Manchester City and Fulham players crowded together after scoring in their respective matches on Wednesday night - despite warnings from the Premier League to stick to tightened restrictions.
Players have been told to avoid hugging, handshakes and swapping shirts as Covid rules are tightened in the wake of several outbreaks at clubs and a clutch of postponed matches.
City boss Pep Guardiola defended his players, saying: "Sometimes the brain is a sub-conscious one and you are just there in the moment, you are not thinking."
But Julian Knight, the chair of the Digital, Culture, Media and Sport committee, told the PA news agency: "Some of the scenes we have seen have been brainless and give out an awful message."
Chelsea coach Frank Lampard told ITV News to control the emotions is a fair ask but to dictate emotions will be difficult on pitch.
The public has been told to stick to strict social distancing measures with those living outside of their household - but elite players have been seen embracing one another during games.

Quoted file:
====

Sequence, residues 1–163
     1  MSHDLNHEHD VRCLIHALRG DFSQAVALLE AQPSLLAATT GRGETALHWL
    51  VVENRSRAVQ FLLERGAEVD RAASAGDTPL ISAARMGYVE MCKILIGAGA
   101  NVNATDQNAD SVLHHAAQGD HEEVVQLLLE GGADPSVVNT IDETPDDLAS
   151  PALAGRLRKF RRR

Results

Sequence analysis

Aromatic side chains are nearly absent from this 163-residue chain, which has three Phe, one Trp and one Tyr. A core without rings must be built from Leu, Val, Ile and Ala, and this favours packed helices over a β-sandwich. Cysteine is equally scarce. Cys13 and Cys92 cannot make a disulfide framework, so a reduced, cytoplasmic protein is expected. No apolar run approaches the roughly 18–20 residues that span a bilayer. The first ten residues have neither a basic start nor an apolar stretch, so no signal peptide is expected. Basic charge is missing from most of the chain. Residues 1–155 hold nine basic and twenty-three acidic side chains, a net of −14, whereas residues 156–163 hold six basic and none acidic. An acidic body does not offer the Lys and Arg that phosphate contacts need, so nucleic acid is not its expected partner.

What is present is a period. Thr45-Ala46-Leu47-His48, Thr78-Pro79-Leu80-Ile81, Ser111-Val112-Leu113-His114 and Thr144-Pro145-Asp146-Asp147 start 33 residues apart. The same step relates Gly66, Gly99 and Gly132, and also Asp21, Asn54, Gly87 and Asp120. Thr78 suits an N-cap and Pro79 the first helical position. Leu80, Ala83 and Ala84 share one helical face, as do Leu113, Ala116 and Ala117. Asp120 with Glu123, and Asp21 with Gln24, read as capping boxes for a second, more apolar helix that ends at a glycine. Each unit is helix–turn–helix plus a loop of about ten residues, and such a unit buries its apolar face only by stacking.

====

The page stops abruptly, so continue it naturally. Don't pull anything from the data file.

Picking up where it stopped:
Captains and managers will be attending a series of virtual meetings over the next two days to talk through the changes to the Covid-19 protocols.
Clubs are expected to investigate protocol breaches themselves, with the Premier League able to come over the top if it feels not enough has been done.
Premier League chief executive Richard Masters has written to the clubs outlining the changes to the rules - and the need to continue to double down on following the existing ones.
The Football Association and the English Football League have also reminded clubs involved in their competitions about the protocols after some notable breaches in recent weeks.
EFL chief executive Trevor Birch warned its clubs they were “under the microscope” as never before on Monday.
The government has given professional sport the go-ahead to continue, despite many other areas of life being placed under heavy restrictions in a new national lockdown.
Indeed the health secretary and one of his top medical advisers have commented on the issue too, in varying degrees of severity.
Speaking on Wednesday, Matt Hancock appeared more lenient on the issue than deputy chief medical advisor for England, Jonathan Van-Tam, who said: "Every close human contact that is avoidable should be avoided."